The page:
As in previous years, as 2020 opens, we will dedicate this first post to considering what will keep us busy over the coming months in the regulatory world of energy and commodity trading, focused on Europe.
Same themes as last year?
Many consider us to now be in the regulatory era of “making it work” Before the financial crash of 2007 to 2009, financial style regulations had a lower impact on the energy and commodity trading sector. The crash changed this and led to the introduction of several sets of rules, with EMIR, REMIT, MiFID II and MAR forming the core of new rules rolled out to 2018. Since the start of MiFID II, we have entered a period of “making the rules work”. This is comprised of a combination of allowing the rules to bed down, making some changes to the rules and enforcements.
At the beginning of last year, we posted these predictions for 2019 and as highlighted in this closing post of 2019, many came to pass. In many respects we can expect the same themes to continue in 2020:
An increase in enforcement cases – 2019 saw an increased number of enforcement cases as predicted. Regulators have indicated that this will continue (for example see here). The last 2 weeks of 2019 also saw a MAR fine in the UK, levied for failure to notify personal trades (see here on the FCA web site).
Continued focus on anti-abuse activity – The focus on anti-abuse activity in the form of organisation, processes and technology is likely to continue, given the time since rules such as MAR and REMIT started and the continuation of enforcement cases, not only about insider trading and market manipulation, but also anti-money laundering and anti-bribery and corruption activity. In addition, the move towards “compliance maturity” of many organisations drive the desire to improve. The 3rd “open anti-abuse forum” will be run in March in London to continue the discussion with all connected parties (see here).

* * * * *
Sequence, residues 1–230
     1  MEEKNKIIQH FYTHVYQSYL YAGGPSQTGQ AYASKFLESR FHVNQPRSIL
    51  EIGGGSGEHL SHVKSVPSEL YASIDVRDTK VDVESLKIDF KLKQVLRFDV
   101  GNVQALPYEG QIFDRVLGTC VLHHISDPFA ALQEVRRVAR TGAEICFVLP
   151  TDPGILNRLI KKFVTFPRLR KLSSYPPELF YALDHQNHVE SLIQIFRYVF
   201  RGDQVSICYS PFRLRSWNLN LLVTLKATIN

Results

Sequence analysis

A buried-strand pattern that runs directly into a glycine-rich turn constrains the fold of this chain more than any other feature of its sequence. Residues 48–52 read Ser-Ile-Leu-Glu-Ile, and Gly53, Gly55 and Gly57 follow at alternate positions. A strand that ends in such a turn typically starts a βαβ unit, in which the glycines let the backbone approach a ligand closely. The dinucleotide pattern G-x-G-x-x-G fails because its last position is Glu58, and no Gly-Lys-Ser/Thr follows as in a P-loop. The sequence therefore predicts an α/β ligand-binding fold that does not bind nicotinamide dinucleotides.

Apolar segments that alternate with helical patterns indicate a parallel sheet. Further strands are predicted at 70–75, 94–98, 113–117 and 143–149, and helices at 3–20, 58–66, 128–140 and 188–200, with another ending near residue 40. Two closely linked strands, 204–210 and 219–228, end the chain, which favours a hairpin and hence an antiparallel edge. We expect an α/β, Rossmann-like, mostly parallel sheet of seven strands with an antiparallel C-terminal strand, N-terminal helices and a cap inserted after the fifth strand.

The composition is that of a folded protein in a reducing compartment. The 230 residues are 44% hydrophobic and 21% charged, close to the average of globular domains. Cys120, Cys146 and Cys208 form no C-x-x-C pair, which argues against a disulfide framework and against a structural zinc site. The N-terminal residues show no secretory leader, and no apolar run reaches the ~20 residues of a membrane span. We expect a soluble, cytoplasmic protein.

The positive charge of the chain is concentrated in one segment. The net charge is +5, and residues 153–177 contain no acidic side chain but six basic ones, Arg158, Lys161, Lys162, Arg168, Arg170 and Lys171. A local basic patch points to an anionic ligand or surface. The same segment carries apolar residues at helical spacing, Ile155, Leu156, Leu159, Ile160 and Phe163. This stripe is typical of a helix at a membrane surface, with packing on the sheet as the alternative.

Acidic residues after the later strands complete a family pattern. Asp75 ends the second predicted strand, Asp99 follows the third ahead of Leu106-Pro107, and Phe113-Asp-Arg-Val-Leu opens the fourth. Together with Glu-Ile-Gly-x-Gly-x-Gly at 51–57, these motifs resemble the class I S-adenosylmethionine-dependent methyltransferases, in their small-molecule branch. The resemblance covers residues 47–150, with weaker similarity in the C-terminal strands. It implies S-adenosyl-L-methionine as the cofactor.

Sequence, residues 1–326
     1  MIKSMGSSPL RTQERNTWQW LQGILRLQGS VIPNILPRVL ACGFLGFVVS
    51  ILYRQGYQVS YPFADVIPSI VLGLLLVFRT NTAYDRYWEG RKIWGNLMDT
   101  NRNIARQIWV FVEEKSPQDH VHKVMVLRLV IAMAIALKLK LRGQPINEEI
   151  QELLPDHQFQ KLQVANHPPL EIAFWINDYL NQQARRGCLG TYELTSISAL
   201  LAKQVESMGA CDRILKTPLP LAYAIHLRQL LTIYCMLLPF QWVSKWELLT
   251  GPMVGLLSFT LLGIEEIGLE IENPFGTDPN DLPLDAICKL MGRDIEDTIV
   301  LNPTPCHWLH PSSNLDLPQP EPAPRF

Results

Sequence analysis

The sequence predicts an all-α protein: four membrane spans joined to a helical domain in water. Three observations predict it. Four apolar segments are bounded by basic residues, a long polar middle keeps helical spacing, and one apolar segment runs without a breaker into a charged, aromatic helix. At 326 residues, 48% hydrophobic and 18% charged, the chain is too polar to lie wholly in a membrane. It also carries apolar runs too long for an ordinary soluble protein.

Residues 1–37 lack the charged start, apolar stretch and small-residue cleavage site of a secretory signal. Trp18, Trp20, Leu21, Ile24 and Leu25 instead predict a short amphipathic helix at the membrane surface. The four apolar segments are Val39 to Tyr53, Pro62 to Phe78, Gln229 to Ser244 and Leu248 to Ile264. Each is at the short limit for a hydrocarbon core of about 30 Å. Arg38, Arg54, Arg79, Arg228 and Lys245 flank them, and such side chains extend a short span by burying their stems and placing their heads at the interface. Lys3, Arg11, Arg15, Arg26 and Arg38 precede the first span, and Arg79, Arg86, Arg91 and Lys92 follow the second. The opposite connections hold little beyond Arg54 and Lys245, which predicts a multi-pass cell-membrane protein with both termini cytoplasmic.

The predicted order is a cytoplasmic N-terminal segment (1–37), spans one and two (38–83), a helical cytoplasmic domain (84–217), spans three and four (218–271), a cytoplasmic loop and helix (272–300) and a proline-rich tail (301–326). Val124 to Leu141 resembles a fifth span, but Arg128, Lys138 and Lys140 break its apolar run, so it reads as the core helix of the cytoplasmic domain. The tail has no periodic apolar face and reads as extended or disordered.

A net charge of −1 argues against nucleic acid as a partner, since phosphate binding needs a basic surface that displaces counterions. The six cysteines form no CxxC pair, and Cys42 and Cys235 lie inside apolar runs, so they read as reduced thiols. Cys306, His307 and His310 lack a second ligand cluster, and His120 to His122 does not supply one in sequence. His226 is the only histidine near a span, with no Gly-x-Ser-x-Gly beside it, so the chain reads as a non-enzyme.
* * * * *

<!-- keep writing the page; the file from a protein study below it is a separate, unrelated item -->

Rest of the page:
Changes to existing rules and new rules – Last year saw the EMIR “REFIT” changes implemented. Discussions on changes to MiFID II, MAR and REMIT are all in play for this year and so it will be necessary to keep an eye on developments. While many of the proposed changes are “tweaks”, some may have a significant impact on market participants, for example the proposed removal of the “REMIT carve out” (see here). 2020 sees the first implementation of SFTR although if a market participant in energy and commodities is within scope the start is likely to be in 2021.
Organisational maturity – The compliance functions of market participants have continued to mature. We can expect this process to continue in 2020, not only in terms of matters such as anti-abuse efforts, but also in terms of governance and organisation. In technology terms, we may see further efforts to move to a more strategic approach, of example in data reporting.
Brexit – Despite a few “close shaves” in 2019, no Brexit occurred. We now know that Brexit will “get done” on 31st January 2020. However, the focus in regulatory terms will be on the end of the “implementation period”, which is scheduled for 31st December 2020. At that stage, we may once again get a “no-deal” Brexit or a specific deal. We can expect details of such discussions to emerge over the course of the year as well as possible divergence.
As always, it is worth keeping an eye on the financial sector, who have different issues to deal with (see for example this article on The Trade News). Some of the issues experienced there will apply directly to energy and commodities. Often though, the financial sector is “ahead” of energy and commodities, so we can expect issues that have hit in the previous period to arrive in energy and commodities in the near future, where it is relevant. The anti-abuse focus is one example of this. Another is the use of new “Regtech” to strategically solve regulatory issues.
This blog will continue to be provided free of charge for 2020. There will be occasional posts announcing the commercial services of ETR Advisory who run this blog, although these will be limited and as before no sponsorship or other advertising will be permitted. Those who wish to have customised updates as well as personalised support and updates would be welcome to find out more about ETR Advisory’s Regulatory Support Service (see here).
We look forward to continuing to share regulatory news as 2020 unfolds.